The global energy market will get a million barrels of oil if the US and Iran resuscitate the 2015 nuclear deal, but even if they do, it will not solve the global energy crisis, Helima Croft, head of commodities at RBC, said.
The US pulled out of the deal in 2018, under which Iran agreed to limit its nuclear activities in exchange for an exemption from international sanctions, Business Insider writes.
The exemption previously allowed Iran to sell its oil on the world market - which is why US and Iranian officials sought to revive it as the world faces an energy crisis caused by Russia's declining energy exports to the world market.
US and Iranian officials discussed the issue last week, and the European Union announced Monday that it had approved the final text of the agreement, which means Iran will have to agree to all the terms or reject the entire package.
If a deal is struck, it would be a major victory for Europe, which faces a potential natural gas emergency this winter. Croft said it would also reduce the pain after EU bans on Russian oil products take full effect Dec. 5, which would cut oil supplies from the market by another 2.2 million barrels.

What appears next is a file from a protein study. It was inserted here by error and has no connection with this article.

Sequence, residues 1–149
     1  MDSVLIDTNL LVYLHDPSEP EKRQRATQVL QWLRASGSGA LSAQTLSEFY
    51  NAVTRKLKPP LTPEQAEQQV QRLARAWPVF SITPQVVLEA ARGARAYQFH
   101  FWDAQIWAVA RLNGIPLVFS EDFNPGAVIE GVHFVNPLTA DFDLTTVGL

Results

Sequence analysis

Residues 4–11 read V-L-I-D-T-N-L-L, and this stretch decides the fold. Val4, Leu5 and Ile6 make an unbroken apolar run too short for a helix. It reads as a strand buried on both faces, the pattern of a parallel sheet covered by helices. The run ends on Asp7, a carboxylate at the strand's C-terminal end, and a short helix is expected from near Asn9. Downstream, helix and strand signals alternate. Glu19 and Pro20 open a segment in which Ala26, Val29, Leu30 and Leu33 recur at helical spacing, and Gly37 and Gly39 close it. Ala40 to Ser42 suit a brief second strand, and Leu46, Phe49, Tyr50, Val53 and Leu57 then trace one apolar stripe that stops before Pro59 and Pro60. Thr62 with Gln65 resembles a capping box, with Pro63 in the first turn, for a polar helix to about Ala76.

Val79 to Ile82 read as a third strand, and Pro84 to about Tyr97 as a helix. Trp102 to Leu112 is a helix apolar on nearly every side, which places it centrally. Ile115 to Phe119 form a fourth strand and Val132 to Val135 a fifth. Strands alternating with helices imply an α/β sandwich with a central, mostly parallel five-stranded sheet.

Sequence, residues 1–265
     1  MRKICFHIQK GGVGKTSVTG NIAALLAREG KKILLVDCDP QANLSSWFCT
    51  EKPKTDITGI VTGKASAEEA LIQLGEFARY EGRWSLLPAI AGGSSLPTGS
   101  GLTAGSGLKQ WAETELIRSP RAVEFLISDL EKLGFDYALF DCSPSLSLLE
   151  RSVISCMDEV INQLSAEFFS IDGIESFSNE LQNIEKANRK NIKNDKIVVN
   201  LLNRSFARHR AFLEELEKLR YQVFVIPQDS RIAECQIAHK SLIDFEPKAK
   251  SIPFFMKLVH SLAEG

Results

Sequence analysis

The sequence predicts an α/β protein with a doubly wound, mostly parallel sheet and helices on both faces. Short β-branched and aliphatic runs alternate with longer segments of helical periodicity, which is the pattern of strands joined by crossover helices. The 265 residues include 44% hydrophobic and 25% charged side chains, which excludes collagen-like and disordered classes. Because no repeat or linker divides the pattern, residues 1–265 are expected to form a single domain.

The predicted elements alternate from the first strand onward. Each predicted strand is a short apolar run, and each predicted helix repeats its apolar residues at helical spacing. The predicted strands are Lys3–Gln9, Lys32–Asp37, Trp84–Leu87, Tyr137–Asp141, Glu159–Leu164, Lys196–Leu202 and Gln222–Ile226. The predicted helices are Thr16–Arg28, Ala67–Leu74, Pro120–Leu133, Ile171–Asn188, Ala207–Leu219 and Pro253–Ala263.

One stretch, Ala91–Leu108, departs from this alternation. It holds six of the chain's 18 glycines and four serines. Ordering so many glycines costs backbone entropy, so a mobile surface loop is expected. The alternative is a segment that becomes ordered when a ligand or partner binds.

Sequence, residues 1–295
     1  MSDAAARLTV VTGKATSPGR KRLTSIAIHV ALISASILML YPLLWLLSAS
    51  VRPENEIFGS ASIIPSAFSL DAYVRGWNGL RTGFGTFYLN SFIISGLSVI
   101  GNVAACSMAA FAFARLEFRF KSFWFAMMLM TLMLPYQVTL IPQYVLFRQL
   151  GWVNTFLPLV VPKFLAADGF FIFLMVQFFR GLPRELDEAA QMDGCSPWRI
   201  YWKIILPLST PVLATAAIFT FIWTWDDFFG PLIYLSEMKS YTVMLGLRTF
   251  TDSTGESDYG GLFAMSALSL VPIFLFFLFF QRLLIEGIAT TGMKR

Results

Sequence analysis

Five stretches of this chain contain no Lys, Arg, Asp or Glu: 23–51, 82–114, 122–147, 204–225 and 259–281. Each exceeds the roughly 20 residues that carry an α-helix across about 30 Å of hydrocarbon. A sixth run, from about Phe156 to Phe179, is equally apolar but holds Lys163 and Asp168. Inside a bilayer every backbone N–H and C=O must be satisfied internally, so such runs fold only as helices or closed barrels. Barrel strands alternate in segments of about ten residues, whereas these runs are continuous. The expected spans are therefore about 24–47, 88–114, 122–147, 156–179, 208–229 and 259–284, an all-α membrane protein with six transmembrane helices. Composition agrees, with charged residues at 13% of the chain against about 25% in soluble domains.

Even so, taking Iranian supplies off the market will not be the quick fix that some are hoping for.
"The question with Iran is, do Iranians leaders want to take this deal?" Croft noted in an interview with CNBC, adding that US and Iranian leaders were close to reaching an agreement in March of this year before Iran refused.
The deal would also need congressional and Iranian approval, meaning it is far from having any impact on Europe's energy crisis.
"It's not a light switch. It's a potentially multi-month process," Croft said. "But again, with those Russian barrels in the balance come December, additional supplies from Iran would be helpful."